How Being a First-Generation American Latina Challenges the Way I Define Myself
I notice my shared cultures the most when sitting at the kitchen table. I'm surrounded by women who put their families first, in a way that I genuinely do hope to channel one day, but I also have very little interest in cooking, cleaning, running errands, and more for a big family.
I'm in a relationship with a guy I love and would do anything for, who also happens to be as much of a feminist as I am. I'm building a career inside the walls of an apartment in a very different way than the women in my family have. I see the value in all they've done and that they've enjoyed every moment of it, but walking that line between two cultures (my family is from Ecuador, but I was born in the US) means that while I can understand and sympathize, it'd be close to impossible for them to do the same. Because to them, bucking tradition and doing what feels right to me as a person (versus what would make my entire family feel right) is wrong.
I am consistently teetering between wanting things in my personal life and reminding myself that I don't need to apologize just because it's different than what other women in my family have wanted. I'm different, and different isn't synonymous with wrong.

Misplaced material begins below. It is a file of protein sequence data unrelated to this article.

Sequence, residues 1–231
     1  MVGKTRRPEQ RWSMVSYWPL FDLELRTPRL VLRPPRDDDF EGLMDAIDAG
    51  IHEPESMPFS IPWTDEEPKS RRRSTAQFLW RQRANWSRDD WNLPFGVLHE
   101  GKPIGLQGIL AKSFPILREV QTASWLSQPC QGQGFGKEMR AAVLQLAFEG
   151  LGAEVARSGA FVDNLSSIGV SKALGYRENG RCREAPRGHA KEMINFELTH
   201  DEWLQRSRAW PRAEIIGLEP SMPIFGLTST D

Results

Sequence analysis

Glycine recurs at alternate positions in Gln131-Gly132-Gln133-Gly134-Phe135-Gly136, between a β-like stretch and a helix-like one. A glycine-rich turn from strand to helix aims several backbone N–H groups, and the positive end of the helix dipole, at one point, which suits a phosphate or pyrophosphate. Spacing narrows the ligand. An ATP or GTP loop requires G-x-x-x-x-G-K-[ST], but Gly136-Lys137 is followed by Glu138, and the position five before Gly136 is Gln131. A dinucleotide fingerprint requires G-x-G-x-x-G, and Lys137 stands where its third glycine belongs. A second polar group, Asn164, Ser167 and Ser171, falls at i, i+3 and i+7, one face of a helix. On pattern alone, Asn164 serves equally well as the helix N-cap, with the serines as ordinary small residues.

Growing up as a first-generation Ecuadorian-American means that I was an adult before I was of legal age. I had to take my grandmother to doctor's appointments because I needed to translate. I had to get myself through school applications because there was no point of reference. I'm a hodgepodge of firsts, and sometimes those firsts are an act of resistance.
I love the traditions I was raised in, that I can tell you which saint can help you find your keys, and that food is the pillar of any household. I know my way around how family is a loose term for anyone you love and feel protective over, not just actual blood relatives. But the truth is that I don't fit into the molds that are set before me — being first-generation American-Latina means learning to be OK with the fact that I'm creating my own path.
It's revolutionary and anxiety-inducing. It's knowing that I'm doing what's right and understanding that it may not be a popular opinion, sometimes with my family, sometimes with those around me. It's wanting my boyfriend to learn Spanish so he can appreciate songs that played as intros of novelas and it's also knowing that I'm going to live with him way before we get married.
Living between two cultures means that I know the nooks and crannies of traditions that I deeply appreciate, and it also means that I'm in this to create some new ones of my own.